6 Life Lessons From Working In A Call Center


Everything is on this list is pretty obvious, I’ll admit, but these are the kinds of things that I didn’t fully appreciate until I got my first job as a customer service representative in a call center, because until then, my main scope of interaction with people were my own twenty-something peers on a college campus. I thought the adult world was going to be more evolved.

1. People are idiots.

I can’t begin to tell you the number of times someone has called in and the following conversation occurs:

Customer: I have stuff to put inside a box, but I don’t know what size box I need.

Me: Okay, well do you know the dimensions of the stuff you’re trying to pack?

Customer: No. I was hoping you could help me?

Sure, let me reach through the phone with my ruler and get these measurements myself.

2. “Experts” don’t always know all the answers.

I can’t tell you how many times I pretended to know about a product and proceeded to provide information on it based on the resources I had on my computer screen. I’ve helped people assemble machinery I’ve never touched in my life and offered advice on selecting products I never knew existed until I started working there.

Fake it ‘til you make it.

3. People have freaky good memories.

I consider myself to have average memory. When I looked at my stats and saw that I answered on average about 150 calls a day (I work into the night which drops the number of calls I get), I didn’t expect to remember customers that I get on the phone. Getting a repeat customer on the phone was rare, but when it did, I would recall my last experience with them: “She was pleasant” or “He was rude” or “This one is trouble”.

You wouldn’t think that when you called customer service that the person on the other end would actually remember you or vice versa.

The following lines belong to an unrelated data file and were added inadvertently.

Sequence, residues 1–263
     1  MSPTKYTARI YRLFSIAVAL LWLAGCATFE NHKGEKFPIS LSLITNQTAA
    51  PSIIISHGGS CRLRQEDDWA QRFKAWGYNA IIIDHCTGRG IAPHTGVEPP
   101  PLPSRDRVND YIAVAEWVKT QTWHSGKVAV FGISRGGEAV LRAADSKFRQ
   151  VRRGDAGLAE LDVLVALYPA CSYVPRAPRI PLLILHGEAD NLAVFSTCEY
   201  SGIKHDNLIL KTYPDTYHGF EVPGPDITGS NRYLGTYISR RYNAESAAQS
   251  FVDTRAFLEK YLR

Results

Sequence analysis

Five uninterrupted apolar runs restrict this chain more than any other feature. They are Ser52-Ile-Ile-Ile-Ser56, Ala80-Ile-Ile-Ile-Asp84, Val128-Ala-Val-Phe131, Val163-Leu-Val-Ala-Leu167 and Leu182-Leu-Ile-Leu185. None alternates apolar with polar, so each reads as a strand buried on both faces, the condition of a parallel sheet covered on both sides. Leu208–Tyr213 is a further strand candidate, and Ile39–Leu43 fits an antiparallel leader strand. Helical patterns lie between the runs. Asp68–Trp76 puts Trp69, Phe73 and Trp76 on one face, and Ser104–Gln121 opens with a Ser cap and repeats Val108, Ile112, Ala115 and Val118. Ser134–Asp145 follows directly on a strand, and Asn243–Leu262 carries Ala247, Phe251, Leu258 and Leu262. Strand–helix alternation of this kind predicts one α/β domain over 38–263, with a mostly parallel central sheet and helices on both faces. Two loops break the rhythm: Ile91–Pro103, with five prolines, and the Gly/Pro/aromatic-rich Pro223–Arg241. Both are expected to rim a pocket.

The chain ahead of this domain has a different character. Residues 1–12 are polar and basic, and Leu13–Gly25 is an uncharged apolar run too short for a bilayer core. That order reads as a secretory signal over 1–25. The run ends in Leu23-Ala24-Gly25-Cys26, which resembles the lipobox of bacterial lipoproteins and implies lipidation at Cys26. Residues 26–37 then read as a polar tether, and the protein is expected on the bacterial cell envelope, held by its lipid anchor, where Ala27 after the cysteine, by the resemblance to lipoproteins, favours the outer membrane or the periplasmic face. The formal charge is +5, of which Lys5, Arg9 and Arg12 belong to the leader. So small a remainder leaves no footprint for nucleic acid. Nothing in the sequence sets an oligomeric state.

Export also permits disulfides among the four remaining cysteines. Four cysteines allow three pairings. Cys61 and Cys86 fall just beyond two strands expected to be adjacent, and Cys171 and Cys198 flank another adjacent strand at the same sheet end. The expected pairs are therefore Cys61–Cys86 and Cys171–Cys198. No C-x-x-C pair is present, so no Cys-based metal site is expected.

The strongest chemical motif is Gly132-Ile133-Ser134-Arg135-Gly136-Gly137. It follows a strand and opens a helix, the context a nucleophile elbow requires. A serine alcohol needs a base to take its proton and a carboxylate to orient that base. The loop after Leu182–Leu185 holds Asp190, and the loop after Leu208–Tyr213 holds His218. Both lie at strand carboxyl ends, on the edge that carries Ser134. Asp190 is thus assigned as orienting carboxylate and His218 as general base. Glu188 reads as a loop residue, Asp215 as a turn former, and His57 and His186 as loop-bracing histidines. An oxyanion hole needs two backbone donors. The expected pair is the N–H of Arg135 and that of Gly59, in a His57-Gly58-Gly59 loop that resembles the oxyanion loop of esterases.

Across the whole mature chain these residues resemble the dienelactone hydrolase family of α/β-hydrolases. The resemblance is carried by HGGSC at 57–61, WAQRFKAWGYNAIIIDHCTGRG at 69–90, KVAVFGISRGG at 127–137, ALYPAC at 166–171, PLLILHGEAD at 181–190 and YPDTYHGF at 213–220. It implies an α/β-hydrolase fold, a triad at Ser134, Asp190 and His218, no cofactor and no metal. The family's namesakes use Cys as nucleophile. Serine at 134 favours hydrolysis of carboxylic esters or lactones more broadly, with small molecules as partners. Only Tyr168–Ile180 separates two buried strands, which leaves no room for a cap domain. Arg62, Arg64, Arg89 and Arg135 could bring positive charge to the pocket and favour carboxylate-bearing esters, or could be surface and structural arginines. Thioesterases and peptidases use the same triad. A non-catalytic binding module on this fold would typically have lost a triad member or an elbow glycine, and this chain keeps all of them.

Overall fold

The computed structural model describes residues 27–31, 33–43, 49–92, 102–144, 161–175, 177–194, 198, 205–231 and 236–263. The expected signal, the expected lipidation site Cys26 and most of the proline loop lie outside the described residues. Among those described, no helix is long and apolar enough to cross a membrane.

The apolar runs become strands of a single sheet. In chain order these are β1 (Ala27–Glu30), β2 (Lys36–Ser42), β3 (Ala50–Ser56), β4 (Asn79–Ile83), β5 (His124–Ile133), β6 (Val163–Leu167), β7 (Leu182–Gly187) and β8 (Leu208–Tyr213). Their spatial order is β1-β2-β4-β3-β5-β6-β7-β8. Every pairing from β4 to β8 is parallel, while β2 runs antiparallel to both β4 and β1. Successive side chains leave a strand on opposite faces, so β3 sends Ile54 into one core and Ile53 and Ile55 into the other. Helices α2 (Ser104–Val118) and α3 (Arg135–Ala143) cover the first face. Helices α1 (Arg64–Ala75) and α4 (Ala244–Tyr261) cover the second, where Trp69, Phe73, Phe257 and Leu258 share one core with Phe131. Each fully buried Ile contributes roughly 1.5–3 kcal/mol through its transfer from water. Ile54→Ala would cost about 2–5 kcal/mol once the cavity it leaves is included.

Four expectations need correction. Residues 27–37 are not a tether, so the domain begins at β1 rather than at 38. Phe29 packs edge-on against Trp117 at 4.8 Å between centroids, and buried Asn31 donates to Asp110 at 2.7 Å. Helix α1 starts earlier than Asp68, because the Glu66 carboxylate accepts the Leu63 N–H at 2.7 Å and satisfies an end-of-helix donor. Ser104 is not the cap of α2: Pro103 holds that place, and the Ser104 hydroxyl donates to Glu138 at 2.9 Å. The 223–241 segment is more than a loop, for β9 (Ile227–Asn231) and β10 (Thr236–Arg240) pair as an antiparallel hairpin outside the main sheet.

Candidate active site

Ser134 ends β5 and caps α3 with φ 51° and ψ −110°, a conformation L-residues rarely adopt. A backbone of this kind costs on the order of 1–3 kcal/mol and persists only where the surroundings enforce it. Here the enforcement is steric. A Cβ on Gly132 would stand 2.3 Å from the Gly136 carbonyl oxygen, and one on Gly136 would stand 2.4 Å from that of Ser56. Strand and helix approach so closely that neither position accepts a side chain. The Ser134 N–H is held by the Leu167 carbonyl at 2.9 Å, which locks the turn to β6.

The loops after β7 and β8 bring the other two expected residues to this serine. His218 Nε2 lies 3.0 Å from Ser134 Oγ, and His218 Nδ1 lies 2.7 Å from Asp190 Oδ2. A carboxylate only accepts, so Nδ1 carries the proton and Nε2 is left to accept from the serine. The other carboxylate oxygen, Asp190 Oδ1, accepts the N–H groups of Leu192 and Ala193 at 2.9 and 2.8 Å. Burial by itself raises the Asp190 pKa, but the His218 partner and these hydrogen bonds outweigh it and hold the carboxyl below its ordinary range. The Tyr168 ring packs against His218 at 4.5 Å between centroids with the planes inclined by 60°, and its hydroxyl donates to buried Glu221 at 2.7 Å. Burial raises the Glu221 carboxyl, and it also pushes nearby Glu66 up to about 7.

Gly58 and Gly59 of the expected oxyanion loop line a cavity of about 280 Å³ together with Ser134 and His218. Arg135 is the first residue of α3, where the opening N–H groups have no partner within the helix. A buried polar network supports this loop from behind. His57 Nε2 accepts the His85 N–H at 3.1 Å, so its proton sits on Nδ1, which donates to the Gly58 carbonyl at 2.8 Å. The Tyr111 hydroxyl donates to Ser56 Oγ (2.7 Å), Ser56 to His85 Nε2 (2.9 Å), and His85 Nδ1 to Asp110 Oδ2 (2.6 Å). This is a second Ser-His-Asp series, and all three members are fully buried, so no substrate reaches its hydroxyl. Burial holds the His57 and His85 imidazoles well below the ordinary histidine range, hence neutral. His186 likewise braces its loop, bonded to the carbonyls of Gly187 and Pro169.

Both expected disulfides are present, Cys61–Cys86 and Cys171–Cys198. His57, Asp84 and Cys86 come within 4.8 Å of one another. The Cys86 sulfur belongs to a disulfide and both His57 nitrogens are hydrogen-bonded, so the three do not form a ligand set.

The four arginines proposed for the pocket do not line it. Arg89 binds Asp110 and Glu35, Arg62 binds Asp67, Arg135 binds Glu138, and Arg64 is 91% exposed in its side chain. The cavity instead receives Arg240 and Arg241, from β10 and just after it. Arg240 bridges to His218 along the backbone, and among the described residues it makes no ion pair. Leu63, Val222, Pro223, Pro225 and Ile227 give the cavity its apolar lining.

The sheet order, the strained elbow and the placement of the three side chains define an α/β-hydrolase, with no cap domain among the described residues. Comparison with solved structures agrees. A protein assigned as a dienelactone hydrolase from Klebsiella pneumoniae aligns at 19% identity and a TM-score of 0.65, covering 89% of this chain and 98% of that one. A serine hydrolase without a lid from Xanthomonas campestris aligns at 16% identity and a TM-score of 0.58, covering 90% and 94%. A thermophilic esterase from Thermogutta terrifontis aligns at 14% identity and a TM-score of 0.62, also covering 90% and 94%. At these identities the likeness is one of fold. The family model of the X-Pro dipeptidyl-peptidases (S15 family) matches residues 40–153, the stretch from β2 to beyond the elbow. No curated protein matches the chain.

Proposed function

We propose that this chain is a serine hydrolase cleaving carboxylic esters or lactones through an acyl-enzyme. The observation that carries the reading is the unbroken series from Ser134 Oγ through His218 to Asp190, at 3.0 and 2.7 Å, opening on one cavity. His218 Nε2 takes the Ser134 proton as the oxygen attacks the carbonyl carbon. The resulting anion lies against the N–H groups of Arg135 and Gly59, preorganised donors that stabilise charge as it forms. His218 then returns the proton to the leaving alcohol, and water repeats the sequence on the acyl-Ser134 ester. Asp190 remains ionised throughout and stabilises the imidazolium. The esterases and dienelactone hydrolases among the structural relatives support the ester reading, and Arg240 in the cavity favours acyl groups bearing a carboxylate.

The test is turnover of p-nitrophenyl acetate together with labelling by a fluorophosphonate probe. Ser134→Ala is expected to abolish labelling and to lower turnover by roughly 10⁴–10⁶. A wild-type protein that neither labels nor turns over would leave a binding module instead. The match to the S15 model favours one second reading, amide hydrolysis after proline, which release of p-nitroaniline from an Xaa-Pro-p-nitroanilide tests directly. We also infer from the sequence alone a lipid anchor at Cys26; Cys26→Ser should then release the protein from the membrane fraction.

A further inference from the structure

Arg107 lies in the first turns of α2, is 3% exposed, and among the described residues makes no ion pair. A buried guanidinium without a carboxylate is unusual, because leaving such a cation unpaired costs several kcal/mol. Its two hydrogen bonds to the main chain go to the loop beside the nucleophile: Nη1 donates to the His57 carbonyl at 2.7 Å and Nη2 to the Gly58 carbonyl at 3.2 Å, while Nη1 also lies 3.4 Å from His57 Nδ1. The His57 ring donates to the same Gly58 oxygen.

4. Things that are obvious to you may not be obvious to other people.

Me: Let me set up a new account for you. What is your first and last name?

Customer: Krakkamoshu Habbablabbajabbahah.

Me: Could you spell that for me?

Customer: K-R-A-K-K-A-M-O-S-H-U.

Me: ………………and your last name?

Customer: *exasperated sigh* H-A-B…

I’m sorry I didn’t know how to spell your impossible last name?

On the same token, there are a lot of things on my end that feels obvious to me, but isn’t necessarily obvious to customers. My job is very standard and cookie-cutter like, so it’s easy to forget that not everyone is familiar with the company. When someone does come along who needs a little more help than the average caller, I have to remind myself that s/he just doesn’t know and it’s not his/her fault.

5. You have to ask for what you want.

It never hurts to ask. There are actually a lot of things a customer service rep can do for a customer, but we’re not allowed to offer them until the right time…aka when you’re asked. I’ve had so many people call in and say, “I didn’t know you could _______! Is there any way I can go back and get _________?”

8 times out of 10, the answer is “No, I’m sorry but I am unable to do that.” Guess you should’ve just asked earlier, but at least you’re asking now?

6. Every person is a human being.

One of the first things that they repeated throughout training is that when a customer is angry, you have to remember they are never angry with you. They’re angry at the situation. They’re angry with themselves. They’re angry about something that was out of your control. You just happen to be on the receiving end and you can’t take it personally.

There are a lot of crappy, lazy people working in call centers that don’t help when they really should. You have every right to be angry with them when you encounter them, but please don’t assume that every time you call in to customer service that the voice on the other end is not trying to do their job. There is a human being on the other end of the line and often not there by choice, but they have bills to pay and mouths to feed. That’s not your burden to bear, but the least you can do is treat them like a human being.